The CEOs of Facebook, Google and Twitter have agreed to testify before the Senate Commerce Committee on Oct. 28, less than a week before the election, committee aides told POLITICO on Friday, speaking anonymously to speak candidly about deliberations.
It will be the second time this year that top tech executives testify before Congress, following a blockbuster summer hearing before the House antitrust subcommittee featuring the heads of Amazon, Apple, Google and Facebook.
The Senate panel voted unanimously on Thursday to authorize subpoenas to compel the testimony of these three executives — Facebook’s Mark Zuckerberg, Google’s Sundar Pichai and Twitter’s Jack Dorsey. Though Democrats initially resisted and feared a possible chilling effect of such a hearing ahead of the Nov. 3 election, they agreed to vote in favor of the subpoenas after the scope of the hearing was expanded.
The subpoenas are prepared and ready but will not be formally issued now that the CEOs have voluntarily agreed to testify, according to one committee aide. The tech CEOs are set to testify virtually.
The Oct. 28 hearing will now address not only the liability protections that internet companies enjoy — a key priority and President Donald Trump, whose administration has recently clamored for Hill tech action — but also data privacy and media consolidation.
The hearing comes amid a rising GOP outcry over these liability protections, enshrined in a 1996 statute known as Section 230 of the Communications Decency Act. It gives internet companies immunity from lawsuits over user posts as well as broad leeway to moderate content.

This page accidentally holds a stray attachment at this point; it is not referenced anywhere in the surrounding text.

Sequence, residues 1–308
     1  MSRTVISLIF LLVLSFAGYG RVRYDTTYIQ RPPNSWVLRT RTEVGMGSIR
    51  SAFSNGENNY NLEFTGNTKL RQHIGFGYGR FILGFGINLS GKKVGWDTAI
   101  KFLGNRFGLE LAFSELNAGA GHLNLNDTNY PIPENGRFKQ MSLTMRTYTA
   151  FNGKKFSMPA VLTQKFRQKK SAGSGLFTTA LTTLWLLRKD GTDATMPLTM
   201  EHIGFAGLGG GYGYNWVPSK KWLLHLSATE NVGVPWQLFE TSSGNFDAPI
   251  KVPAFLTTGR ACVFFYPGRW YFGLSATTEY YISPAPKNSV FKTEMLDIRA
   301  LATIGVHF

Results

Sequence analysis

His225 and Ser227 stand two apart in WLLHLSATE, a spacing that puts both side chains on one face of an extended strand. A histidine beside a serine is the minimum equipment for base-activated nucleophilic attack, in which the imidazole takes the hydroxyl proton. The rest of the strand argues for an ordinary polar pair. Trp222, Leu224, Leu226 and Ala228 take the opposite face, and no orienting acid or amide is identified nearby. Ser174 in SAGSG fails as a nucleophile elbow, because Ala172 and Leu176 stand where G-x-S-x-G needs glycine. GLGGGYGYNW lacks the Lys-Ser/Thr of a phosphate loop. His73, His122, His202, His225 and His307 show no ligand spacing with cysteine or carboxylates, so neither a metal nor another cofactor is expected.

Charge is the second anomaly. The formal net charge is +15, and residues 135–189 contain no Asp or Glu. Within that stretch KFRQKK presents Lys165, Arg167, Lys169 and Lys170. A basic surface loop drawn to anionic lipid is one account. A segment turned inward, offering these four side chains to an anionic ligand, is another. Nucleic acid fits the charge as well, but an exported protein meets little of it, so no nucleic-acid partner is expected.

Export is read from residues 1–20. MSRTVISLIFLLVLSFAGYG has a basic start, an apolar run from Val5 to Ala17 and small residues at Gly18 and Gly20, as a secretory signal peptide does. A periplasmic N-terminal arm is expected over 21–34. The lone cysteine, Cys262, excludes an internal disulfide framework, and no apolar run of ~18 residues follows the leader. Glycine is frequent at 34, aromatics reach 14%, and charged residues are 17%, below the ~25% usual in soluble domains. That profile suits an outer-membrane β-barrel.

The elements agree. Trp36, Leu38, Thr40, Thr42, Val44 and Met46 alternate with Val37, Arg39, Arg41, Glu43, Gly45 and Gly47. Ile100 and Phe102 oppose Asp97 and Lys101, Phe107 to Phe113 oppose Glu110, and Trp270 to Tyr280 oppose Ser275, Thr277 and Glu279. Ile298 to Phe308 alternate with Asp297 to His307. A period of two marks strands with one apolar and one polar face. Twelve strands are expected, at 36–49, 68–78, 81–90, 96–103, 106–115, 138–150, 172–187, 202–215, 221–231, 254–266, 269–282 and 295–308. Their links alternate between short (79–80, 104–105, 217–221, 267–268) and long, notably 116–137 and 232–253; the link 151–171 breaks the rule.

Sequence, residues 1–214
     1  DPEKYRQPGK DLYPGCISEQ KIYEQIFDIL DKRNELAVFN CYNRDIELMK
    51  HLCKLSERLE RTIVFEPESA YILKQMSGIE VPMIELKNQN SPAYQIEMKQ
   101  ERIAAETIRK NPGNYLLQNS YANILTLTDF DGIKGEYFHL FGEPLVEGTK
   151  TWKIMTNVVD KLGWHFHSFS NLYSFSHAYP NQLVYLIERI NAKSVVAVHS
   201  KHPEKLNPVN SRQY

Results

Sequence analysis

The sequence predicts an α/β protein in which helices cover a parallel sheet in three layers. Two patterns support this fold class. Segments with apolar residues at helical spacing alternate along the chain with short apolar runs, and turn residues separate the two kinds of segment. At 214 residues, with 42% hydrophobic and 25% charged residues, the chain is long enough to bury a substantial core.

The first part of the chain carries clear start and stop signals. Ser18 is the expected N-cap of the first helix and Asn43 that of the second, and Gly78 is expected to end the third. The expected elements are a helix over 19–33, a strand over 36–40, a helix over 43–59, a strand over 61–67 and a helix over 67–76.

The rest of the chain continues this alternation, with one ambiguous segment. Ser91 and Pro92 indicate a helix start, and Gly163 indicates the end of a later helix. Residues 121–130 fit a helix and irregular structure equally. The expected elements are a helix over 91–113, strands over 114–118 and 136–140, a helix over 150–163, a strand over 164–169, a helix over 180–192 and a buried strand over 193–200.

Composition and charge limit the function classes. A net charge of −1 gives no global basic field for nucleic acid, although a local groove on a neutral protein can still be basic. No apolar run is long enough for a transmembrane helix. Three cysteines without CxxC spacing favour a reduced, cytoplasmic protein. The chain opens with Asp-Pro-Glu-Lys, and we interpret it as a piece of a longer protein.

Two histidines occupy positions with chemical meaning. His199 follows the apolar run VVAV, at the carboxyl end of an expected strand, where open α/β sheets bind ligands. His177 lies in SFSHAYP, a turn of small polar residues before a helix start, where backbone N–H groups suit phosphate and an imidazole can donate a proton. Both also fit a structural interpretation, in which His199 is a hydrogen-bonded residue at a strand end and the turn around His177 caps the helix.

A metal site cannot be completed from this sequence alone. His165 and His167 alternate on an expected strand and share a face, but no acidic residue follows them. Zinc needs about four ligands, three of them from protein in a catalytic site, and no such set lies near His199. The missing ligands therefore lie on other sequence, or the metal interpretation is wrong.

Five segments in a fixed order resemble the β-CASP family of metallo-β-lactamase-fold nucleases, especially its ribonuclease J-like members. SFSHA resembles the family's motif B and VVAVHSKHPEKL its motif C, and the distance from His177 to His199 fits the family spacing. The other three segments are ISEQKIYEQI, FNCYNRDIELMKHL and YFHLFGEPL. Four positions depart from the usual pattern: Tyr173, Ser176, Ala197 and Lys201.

Republicans have said these protections should be narrowed, as have many Democrats also crying foul over tech company behavior — though for different reasons. Trump and his allies have accused social media companies of censoring posts by conservatives, an allegation tech companies deny and which limited academic data supports, as the administration itself has noted. Trump, specifically, has lashed out at Twitter for adding labels to his tweets, which have included tags about "glorifying violence" and "manipulated media" in addition to fact checking labels.
Many Democrats want to revamp the tech industry's liability protections over a concern that the social media platforms aren't doing enough to crack down on hate speech and misinformation swirling through their popular networks. Several members of this Senate panel raised these concerns during Thursday's meeting and said they were eager to question tech CEOs. Sen. Maria Cantwell (D-Wash.), the ranking member, has pledged to release Democrats report on what she calls "the value of local journalism and unfair competitive practices of tech platforms" ahead of the session.
Trump and his reelection campaign, meanwhile, have repeatedly sparred with the platforms over his claims about mail-in voting, which is likely to remain a pressure point in these immediate days before the election.
The hearing date was reached after much back and forth with the tech companies, the committee aide said, noting the tech companies had at one point offered a far-off date, which Republican committee staff rejected. The companies ultimately assented to testify willingly given the subpoena authorization vote, which culminates a long push from Chair Roger Wicker (R-Miss.) to secure such tech CEO testimony.
"On the eve of a momentous and highly-charged election, it is imperative that this committee of jurisdiction and the American people receive a full accounting from the heads of these companies about their content moderation practices," Wicker said during Thursday's markup session to authorize the subpoenas.